Develop Your Photographic Diversity

When times are good and the economy is rolling along, it’s all too easy to become a niche photographer and specialize in work that you are most familiar and comfortable with. I know several local photographers that do only event photography like weddings and bar mitzvahs and others that do only high school senior portraits. Many landscape and nature photographers that I know wouldn’t think of shooting a wedding or sweet-sixteen party, let alone a corporate head-shot. When times are good . . .

Well, right now times aren’t so good and many photographers find themselves scratching to make a living, lowering prices and accepting client terms they would have laughed at several years ago. It doesn’t look like the economy is going to recover anytime soon and even if it does, the market for commercial photography may never be what it once was. Corporate and personal frugality may become the norm rather than the exception.

But some photographers are thriving despite their circumstances. These folks seem to understand that “specialization is for insects, not people” (Yes, you’ve heard me say this before). They know that there is incredible strength in photographic diversity.

It’s a lesson that every photographer should heed, myself included. Mix things up a little and photograph subjects that stretch your current skills. If you shoot predominately landscapes and nature, go out and shoot some portraits. Dig a little deeper and reach a little further. If you shoot wedding and events, get up early one morning and shoot the sunrise. Get out of your photographic comfort zone and take creative some risk.

I think Dewitt Jones sums it up nicely. “Celebrate What’s Right With the World”.

What have you got to lose?

Race Gun

Race Gun – Sugar Land, Texas
Copyright © 2011 Jeff Lynch Photography
Shot taken with a Canon EOS 5D Mark II set on aperture (Av) priority using an EF 24-105mm f/4L IS USM lens tripod mounted. The exposure was taken at 35mm, f/9 for 1/400th of a second at ISO 100 using a Singh-Ray warming polarizer filter. Post capture processing was done in Adobe’s Lightroom 3 and Photoshop CS5.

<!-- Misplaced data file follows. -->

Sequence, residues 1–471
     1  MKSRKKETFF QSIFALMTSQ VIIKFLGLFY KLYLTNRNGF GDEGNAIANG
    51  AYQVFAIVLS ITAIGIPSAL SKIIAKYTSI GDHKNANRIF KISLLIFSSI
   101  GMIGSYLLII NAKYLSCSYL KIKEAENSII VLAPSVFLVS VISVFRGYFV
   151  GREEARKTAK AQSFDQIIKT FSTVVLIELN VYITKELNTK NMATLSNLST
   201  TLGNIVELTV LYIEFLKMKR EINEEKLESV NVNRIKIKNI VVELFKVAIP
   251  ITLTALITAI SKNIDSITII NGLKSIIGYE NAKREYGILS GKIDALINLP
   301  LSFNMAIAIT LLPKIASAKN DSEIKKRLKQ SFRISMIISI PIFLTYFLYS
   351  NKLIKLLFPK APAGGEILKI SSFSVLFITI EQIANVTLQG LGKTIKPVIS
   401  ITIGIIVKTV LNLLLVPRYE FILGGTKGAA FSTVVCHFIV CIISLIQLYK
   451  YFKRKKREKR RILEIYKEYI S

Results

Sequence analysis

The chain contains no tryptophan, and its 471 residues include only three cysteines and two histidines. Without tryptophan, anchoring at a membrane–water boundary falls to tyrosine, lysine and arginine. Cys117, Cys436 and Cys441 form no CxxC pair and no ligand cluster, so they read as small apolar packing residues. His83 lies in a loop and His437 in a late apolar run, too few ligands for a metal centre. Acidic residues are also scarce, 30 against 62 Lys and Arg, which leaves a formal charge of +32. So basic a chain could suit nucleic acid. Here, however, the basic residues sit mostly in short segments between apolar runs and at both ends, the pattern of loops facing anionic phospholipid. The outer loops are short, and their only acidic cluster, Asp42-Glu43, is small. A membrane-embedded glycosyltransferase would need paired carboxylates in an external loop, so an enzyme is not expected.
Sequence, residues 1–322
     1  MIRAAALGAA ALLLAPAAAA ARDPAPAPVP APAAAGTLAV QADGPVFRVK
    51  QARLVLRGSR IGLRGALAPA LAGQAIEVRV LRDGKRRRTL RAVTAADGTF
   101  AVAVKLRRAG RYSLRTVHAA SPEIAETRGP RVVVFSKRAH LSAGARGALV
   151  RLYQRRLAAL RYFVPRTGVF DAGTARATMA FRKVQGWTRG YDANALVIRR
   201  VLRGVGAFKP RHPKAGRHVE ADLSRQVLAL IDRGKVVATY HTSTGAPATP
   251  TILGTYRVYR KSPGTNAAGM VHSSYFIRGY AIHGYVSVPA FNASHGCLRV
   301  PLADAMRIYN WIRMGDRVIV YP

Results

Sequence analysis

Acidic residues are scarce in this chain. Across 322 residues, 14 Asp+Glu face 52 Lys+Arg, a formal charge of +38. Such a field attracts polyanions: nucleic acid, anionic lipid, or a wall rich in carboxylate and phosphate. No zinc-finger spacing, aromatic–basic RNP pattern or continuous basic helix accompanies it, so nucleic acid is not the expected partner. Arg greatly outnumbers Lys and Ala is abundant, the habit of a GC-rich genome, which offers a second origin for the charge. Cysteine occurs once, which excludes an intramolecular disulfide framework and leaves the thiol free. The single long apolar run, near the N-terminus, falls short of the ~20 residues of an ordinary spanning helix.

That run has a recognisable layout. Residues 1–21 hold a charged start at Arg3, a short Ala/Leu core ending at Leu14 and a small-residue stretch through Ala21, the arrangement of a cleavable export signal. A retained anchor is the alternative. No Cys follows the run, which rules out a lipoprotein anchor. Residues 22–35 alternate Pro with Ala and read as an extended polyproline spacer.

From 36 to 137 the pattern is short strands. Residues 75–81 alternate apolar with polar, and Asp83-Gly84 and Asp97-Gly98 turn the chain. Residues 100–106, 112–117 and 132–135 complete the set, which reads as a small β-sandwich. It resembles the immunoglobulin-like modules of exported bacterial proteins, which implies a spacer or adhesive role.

Click on the image above for a larger version.

Simple Beauty

Simple Beauty – Austin, Texas
Copyright © 2010 Jeff Lynch Photography
Shot taken with a Canon EOS 5D Mark II set on manual (M) using an EF 24-105mm f/4L IS USM lens hand-held. Lit with a Profoto strobe and shoot-through umbrella for fill flash. The exposure was taken at 102mm, f/7.1 for 1/200th of a second at ISO 100. Post capture processing was done in Adobe’s Lightroom 3 and Photoshop CS5.
Click on the image above for a larger version.

Wet

Wet – Brazos Bend State Park, Texas
Copyright © 2011 Jeff Lynch Photography
Shot taken with a Canon EOS 7D set on aperture (Av) priority using an EF 400mm f/4 DO IS USM + EF 1.4x Extender hand-held. The exposure was taken at 560mm, f/7.1 for 1/200th of a second at ISO 100. Post capture processing was done in Adobe’s Lightroom 3.
Click on the image above for a larger version.

Product Shots

Here are a few simple product shots I’ve been working on for an article on custom firearms. This is a highly customized “1911” pistol built from an inexpensive Kimber firearm for competitive shooting. Building this “race gun” was almost as much fun as setting up the lighting and props for these product shots.

For those of you unfamiliar with the 1911 semi-automatic pistol, this gun’s design dates back to the late 1890’s and early 1900’s. It was invented by one of the world’s most famous gunsmiths, John Moses Browning. The M1911 was introduced for the US military before World War I and has seen continuous use around the world for the past 100 years.

Kimber Competition 1911

Kimber Competition Gun - RightAngle